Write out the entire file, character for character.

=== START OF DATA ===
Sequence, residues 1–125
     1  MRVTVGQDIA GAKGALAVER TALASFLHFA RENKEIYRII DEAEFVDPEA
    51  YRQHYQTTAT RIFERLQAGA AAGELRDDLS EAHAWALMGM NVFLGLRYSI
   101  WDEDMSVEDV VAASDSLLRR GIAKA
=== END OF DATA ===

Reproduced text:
Sequence, residues 1–125
     1  MRVTVGQDIA GAKGALAVER TALASFLHFA RENKEIYRII DEAEFVDPEA
    51  YRQHYQTTAT RIFERLQAGA AAGELRDDLS EAHAWALMGM NVFLGLRYSI
   101  WDEDMSVEDV VAASDSLLRR GIAKA